Grayscale Investments has filed a lawsuit against the U.S. Securities and Exchange Commission following the agency’s rejection of its application to convert its Bitcoin Trust into an exchange-traded fund.
Grayscale Application Rejected
The agency rejected Grayscale’s application on Wednesday, saying it had concerns about the potential impact of the company’s subsidiary, known as Tether, on the broader bitcoin ecosystem. It also noted that the lack of a surveillance agreement between a regulated exchange and a large market could prevent the smooth functioning of the bitcoin trade. Meanwhile, Grayscale reiterated concerns expressed by the regulator years ago in rejection of other spot bitcoin ETF applications.
In response to the Securities and Exchange Commission’s order, Grayscale, a subsidiary of Digital Currency Group, asked the D.C. Circuit Court of Appeals to review the order.
In 2022, Grayscale announced that it would sue the Securities and Exchange Commission if they denied it a request for a hearing. To address this issue, the company turned to Don Verrilli, a former U.S. Attorney General. Notably, Verrilli has experience in APA proceedings.
“Grayscale supports and believes in the SEC’s mandate to protect investors, maintain fair, orderly, and efficient markets and facilitate capital formation – and we are deeply disappointed by and vehemently disagree with the SEC’s decision to continue to deny spot Bitcoin ETFs from coming to the U.S. market,” Grayscale CEO Michael Sonnenshein said in a statement Wednesday.
The company will argue that the SEC should allow the exchange-traded funds (ETFs) related to bitcoin futures to operate like other products.
Few Approvals from SEC are Concerning
In June, Verrilli told reporters that the approval of futures exchange-traded funds by the Securities and Exchange Commission shows that the underlying market is reliable.
“This is a place where common sense has a really important role to play. You’ve got a situation now in which you have certain kinds of exchange traded funds, one that is focused on bitcoin futures, and the SEC has approved that, the SEC has given it the seal of approval,” he said. “In order to do so it had to make a determination that that giving this approval was consistent with the securities laws, and in particular, that there wasn’t a sufficient underlying risk of fraud and manipulation.”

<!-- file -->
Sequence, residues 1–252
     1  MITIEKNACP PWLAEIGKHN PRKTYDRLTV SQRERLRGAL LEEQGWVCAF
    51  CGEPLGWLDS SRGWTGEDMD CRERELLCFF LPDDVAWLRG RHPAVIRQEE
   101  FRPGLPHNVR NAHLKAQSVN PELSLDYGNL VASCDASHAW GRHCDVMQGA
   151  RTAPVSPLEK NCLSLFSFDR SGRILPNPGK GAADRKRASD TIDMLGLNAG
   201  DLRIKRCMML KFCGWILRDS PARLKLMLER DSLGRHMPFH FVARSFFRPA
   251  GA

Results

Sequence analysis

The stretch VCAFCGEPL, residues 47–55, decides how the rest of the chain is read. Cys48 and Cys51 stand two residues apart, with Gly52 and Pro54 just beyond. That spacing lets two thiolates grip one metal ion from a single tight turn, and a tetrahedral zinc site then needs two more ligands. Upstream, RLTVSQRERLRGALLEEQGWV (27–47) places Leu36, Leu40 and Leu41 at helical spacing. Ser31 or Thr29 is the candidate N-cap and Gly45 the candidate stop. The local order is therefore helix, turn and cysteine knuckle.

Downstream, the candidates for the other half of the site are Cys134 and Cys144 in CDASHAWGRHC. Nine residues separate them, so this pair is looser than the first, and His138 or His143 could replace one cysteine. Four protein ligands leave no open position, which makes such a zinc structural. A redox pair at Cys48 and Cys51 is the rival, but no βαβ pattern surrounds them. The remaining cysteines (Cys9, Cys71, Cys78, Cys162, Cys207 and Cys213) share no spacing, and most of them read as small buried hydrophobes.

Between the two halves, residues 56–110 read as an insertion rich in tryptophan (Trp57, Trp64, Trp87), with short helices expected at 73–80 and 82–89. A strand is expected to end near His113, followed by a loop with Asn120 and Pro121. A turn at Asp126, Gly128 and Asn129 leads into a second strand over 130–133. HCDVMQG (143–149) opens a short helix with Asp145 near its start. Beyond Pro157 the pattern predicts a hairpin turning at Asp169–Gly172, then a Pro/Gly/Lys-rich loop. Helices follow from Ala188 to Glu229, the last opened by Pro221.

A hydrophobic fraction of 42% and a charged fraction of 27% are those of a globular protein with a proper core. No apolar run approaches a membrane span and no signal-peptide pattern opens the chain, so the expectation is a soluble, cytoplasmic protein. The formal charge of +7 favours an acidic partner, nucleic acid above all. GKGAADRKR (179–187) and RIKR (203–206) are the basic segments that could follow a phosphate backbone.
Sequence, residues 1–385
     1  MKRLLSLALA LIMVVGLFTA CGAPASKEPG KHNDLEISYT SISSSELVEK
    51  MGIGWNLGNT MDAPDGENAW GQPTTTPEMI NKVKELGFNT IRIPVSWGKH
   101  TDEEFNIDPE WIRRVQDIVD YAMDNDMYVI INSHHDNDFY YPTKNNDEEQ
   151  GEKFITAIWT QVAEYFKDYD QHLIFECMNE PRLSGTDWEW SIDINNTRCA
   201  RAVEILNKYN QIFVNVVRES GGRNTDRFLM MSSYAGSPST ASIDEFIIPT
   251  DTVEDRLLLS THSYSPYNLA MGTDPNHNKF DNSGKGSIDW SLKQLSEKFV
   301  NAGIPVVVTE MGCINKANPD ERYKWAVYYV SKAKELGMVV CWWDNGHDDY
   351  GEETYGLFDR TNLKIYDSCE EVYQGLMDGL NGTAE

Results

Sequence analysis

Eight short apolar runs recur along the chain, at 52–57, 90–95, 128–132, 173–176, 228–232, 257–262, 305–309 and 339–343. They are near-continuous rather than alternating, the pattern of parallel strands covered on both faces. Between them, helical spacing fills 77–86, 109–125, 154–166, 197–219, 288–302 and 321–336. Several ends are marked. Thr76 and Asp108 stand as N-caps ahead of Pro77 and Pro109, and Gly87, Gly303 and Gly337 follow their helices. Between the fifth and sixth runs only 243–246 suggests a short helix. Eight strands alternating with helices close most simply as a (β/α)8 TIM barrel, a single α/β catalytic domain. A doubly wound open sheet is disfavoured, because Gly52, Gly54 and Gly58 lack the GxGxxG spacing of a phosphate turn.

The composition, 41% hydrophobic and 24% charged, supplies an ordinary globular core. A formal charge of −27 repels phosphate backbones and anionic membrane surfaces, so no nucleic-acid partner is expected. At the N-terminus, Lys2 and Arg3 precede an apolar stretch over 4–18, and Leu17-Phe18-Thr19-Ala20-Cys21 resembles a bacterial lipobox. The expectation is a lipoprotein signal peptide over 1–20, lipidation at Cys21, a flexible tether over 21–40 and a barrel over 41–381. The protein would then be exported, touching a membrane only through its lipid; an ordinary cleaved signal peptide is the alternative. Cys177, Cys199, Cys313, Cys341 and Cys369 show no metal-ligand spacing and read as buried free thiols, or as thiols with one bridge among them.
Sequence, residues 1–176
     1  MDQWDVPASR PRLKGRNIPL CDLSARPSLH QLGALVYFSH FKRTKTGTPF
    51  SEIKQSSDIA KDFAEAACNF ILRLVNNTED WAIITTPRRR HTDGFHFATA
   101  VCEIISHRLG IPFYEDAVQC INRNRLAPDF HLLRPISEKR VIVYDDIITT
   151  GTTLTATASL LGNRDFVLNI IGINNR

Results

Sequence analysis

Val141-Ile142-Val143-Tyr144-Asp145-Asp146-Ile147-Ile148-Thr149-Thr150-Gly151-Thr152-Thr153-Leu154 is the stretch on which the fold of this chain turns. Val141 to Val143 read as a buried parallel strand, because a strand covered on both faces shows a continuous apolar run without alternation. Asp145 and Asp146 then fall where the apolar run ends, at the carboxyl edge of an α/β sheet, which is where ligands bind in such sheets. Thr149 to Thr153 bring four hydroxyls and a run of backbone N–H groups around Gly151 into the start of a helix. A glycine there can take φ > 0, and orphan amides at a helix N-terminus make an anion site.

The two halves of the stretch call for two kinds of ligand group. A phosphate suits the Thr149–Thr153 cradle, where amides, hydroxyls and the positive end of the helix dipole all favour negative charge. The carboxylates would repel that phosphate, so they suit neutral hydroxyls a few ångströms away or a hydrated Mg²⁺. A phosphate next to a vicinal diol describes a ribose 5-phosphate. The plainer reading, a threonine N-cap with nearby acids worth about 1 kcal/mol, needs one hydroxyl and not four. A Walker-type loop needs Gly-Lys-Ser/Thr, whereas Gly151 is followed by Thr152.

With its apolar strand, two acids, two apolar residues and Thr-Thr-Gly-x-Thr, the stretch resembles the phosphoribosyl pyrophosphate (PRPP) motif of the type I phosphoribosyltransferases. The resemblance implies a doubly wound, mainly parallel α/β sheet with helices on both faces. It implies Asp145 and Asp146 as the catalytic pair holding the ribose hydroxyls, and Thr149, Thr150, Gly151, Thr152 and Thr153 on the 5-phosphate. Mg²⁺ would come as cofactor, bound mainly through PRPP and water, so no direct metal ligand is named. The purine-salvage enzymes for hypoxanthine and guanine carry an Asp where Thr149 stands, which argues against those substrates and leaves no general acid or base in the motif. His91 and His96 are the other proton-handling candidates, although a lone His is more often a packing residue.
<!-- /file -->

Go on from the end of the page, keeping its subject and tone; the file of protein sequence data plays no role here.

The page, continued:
SEC has so far approved only a handful of bitcoin futures exchange-traded funds (ETFs) to trade. These are based on the price of bitcoin and are designed to track the underlying asset’s performance.
Supporters of Bitcoin exchange-traded funds argue that the underlying price of bitcoin is still the same as that of futures. However, the SEC notes that the market is regulated by the same agency that oversees the futures market of Chicago-based exchange operator CME Group.
The Call for Regulation
Over the past year, the SEC has rejected over a dozen proposals for spot bitcoin exchange-traded funds. The agency cited insufficient surveillance-sharing agreements as one factor preventing it from issuing these products.
In a statement released on Monday, Gary Gensler, the chairman of the SEC, said that the agency’s efforts to address the crypto market’s uncertainty could help pave the way for a more stable and prosperous industry.
During an interview with CNBC, Gensler referred to bitcoin as the only type of cryptocurrency he would classify as a commodity. He said that his predecessors had also noted that it was a commodity.
He also noted that the SEC should regulate other types of cryptocurrencies. In addition, they should treat them as securities because they have the same characteristics as traditional financial assets. According to Gensler, the public is eager to get a return on their investments due to their growth potential.